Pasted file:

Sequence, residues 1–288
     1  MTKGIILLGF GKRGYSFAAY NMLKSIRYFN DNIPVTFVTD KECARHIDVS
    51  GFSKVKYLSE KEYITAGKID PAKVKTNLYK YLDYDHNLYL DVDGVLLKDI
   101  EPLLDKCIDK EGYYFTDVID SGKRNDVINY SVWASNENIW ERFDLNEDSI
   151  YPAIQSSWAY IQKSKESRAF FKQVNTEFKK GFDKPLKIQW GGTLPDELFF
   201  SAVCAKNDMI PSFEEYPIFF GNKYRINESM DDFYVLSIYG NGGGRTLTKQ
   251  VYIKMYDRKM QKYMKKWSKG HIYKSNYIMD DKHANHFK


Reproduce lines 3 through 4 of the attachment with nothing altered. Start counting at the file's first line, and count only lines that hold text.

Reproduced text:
    51  GFSKVKYLSE KEYITAGKID PAKVKTNLYK YLDYDHNLYL DVDGVLLKDI
   101  EPLLDKCIDK EGYYFTDVID SGKRNDVINY SVWASNENIW ERFDLNEDSI